4 Tips to Keep You Safe from Winter Fires

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Along with holiday joy and the eagerness of a New Year, wintertime can spark some unexpected accidents and disasters. From holiday decorations to heating, there’s a number of factors that could turn a warm, cozy day indoors into an unexpected house fire.

In fact, did you know that house fires are more likely to occur in the winter months?

Keep reading to find out what common culprits can lead to fires and how you can prevent a disaster.

1.) Be aware of heating equipment.

Heating issues is the second leading cause of house fires, death and injuries in the United States. It’s reported that roughly 40 percent of those house fires are caused by space heaters. It’s important to be knowledgeable of your heating system and unplug any space heaters when you leave the house.

2.) Unattended candles can cause unfortunate accidents.

In the cooler months, having candles lit can really set the coziness-feel of a home. But, it’s reported that the month of December sees an increase in house fires sparked by candles. In fact, between 2013-17, an average of 7,900 home fires started by candles were reported in the colder months.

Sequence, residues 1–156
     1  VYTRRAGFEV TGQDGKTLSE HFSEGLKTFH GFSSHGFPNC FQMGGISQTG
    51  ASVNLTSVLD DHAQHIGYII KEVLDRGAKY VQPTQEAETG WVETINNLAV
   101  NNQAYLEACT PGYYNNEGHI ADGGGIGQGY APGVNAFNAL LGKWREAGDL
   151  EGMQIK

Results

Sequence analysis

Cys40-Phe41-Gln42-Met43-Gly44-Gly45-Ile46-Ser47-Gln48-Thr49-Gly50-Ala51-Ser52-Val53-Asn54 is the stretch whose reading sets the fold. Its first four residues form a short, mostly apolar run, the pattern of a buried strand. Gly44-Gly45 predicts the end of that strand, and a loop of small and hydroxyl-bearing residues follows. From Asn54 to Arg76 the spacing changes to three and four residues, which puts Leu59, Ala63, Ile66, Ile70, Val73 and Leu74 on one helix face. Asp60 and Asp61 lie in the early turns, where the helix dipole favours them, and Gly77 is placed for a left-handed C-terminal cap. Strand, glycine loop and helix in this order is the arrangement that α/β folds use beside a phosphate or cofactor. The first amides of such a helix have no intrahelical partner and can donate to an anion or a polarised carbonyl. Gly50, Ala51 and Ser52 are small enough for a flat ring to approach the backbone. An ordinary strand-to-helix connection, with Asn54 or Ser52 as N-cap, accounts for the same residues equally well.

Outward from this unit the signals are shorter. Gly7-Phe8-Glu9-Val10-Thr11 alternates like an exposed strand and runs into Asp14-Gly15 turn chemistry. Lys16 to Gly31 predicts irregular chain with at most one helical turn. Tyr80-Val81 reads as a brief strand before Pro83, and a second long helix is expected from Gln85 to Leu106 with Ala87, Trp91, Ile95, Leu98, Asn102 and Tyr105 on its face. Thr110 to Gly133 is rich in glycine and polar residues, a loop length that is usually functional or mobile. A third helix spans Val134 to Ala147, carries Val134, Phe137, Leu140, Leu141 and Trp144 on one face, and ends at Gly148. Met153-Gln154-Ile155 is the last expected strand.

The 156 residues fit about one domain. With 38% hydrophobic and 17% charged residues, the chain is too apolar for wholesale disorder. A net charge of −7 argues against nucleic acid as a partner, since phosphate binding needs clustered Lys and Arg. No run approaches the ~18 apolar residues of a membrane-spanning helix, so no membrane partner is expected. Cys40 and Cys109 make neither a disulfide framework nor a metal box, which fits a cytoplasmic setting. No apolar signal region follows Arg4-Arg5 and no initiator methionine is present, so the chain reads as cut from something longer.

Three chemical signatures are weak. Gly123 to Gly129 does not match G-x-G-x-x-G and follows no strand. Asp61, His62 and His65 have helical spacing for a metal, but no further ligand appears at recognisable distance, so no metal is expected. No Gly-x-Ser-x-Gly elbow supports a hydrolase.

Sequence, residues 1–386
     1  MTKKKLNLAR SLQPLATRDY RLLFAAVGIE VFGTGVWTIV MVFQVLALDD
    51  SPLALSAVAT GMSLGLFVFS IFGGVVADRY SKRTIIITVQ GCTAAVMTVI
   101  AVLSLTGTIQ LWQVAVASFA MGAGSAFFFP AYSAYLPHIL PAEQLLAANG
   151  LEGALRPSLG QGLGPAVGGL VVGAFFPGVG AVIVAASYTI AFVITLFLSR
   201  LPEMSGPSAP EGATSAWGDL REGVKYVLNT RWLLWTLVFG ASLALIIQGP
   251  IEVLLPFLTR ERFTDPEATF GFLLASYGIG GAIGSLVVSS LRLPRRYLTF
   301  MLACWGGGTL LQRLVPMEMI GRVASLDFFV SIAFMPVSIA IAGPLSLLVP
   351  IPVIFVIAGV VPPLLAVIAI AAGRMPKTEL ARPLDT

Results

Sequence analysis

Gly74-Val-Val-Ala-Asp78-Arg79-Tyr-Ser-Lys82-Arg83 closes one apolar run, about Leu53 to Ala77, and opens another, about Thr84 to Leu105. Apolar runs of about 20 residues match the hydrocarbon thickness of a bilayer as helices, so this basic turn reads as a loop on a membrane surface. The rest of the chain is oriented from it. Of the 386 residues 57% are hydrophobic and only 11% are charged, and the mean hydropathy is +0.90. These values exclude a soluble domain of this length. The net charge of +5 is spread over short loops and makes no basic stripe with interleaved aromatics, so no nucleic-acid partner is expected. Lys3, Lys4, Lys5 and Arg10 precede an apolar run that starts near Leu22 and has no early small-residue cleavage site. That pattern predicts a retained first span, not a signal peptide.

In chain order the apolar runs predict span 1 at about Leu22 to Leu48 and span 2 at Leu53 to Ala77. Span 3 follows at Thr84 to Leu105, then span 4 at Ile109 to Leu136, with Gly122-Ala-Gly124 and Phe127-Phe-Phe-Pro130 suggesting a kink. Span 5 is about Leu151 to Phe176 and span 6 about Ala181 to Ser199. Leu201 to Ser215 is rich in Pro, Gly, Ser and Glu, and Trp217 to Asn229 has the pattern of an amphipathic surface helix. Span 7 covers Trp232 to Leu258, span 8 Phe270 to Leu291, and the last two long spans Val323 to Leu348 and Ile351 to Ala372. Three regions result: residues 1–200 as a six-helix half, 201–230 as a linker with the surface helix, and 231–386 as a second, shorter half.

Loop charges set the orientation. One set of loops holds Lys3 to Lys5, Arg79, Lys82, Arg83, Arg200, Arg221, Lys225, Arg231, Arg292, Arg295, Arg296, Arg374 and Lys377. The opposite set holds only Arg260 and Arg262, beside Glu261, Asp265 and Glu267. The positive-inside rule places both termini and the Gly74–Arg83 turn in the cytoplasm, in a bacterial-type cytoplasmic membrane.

3.) Winter storms often blow in dangerous conditions.

It’s winter, so many people expected hazardous roads, extreme temperatures and inches of snow. But, winter storms also carry in downed trees and powerlines and can bring a risk of fire to your home or property. Stay alert when bad weather is on the way.

4.) Check your electrical systems often.

Home fires caused by electrical issues are the leading cause of fires in the United States. It’s estimated that approximately half of all home electrical fires involve faulty electrical distribution or lighting equipment. Aside from space heaters (as mentioned above), wiring in washer or dryer fans have been a known cause for house fires. Make sure your electrical system is up to date.

The colder months can be a time to rest and recharge; just be sure you’re staying warm safely by checking for any electrical or heating issues, blowing out those candles and tuning into the weather forecast.